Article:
Crossing the Pacific is often called Crossing the Pond. It took us 26 days to sail from Puerto Vallarta, Mexico to Hiva Oa, Marquesas. A 2,700 nautical mile passage.
In that passage we broke and fixed our monitor-wind-vane, tore our jib, a slide on our mainsail split in half, and our auto pilot quit working. We also encountered a few squalls and had a brown-footed boobie (its a bird) harass us for a few days. In the mornings we’d wake up to a few dried flying fish on deck and beautiful sunrises. Most evenings were clear, so we have a canopy of stars to guide us in the night.
Passages can be a challenge as well as rewarding, but the best part of a passage is the destination. This time is was the Marquesas.
The Marquesas is fragrant. The scent of flowers and burning coconut husks waft out to the boat like a light floral incense. Fruits is abundant here. Pamplemousse (large sweet grapefruit) limes, papayas, bananas, mangoes grow in many family yards. Chickens run loose and goats are tied up in the back.
Like with many of the Polynesian cultures, the Marquesans take pride in their culture preserving the old ways while incorporating the new.
This used to be called Bay of Penises by the locals. When the missionaries found out, they banned the name. Can you blame the locals for their descriptive name?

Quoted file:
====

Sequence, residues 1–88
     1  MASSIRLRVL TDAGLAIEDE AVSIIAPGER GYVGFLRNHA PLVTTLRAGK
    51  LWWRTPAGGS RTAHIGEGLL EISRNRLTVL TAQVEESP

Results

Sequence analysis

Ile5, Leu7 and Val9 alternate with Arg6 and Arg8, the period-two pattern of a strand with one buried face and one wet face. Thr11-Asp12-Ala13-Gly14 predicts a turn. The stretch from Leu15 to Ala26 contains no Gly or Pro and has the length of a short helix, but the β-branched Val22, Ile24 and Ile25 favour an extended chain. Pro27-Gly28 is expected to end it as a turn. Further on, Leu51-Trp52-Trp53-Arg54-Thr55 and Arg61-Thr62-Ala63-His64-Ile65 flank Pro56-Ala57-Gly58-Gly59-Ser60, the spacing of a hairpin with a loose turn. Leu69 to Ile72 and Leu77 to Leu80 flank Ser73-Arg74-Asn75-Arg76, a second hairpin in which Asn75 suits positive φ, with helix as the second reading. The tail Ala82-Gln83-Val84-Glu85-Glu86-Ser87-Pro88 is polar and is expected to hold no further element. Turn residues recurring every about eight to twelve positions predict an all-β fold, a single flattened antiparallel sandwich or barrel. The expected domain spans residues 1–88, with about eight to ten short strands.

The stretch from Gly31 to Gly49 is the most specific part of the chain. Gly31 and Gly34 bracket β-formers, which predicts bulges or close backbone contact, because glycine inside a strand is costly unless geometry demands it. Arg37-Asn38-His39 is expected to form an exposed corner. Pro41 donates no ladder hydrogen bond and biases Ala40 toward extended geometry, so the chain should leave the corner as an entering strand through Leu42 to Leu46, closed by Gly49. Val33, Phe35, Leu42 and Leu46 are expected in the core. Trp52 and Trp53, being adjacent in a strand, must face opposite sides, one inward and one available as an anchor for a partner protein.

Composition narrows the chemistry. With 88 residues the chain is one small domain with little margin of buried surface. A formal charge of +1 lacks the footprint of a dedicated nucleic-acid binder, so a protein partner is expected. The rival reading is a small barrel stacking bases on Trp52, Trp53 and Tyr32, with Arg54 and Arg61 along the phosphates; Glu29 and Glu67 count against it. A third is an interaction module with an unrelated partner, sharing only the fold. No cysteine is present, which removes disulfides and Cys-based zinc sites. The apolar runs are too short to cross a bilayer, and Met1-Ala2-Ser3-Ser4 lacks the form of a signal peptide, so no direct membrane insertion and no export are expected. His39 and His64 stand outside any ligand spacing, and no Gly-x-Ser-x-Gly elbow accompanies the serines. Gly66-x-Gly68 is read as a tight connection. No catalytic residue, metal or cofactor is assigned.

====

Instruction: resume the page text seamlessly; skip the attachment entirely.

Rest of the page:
This island is remote and only accessible by boat. Locals are willing to trade their carving and fruits for quality items. We traded two life preservers for turtle, dolphin and stingray carved in cherry wood.
There is a half-hour hike to a waterfall where you can cool off with a fresh water swim.
One of my favorite islands in the Marquesas. Excellent bakery with chocolate stuff croissants and 40 cent baguettes. But you have to arrive before 5 AM because their all sold out by 6.
The bay is beautiful. The village quiet and quaint.
The main island of the Marquesas. A larger population and more stores to choose from to provision for the next stretch of ocean to cross to see the Tuamotus.
During out time in the Marquesas, we rode our bikes on each island we visited, swam, sweated and read. Did our laundry by hand and fixed things we broke. We had gorgeous views of the towering spires on many of the islands, touched old rock carvings and hiked in the tropical bush.
Discovered that computers and the internet aren’t a big deal, in fact its a place that steps back in time and teaches us to enjoy the moment.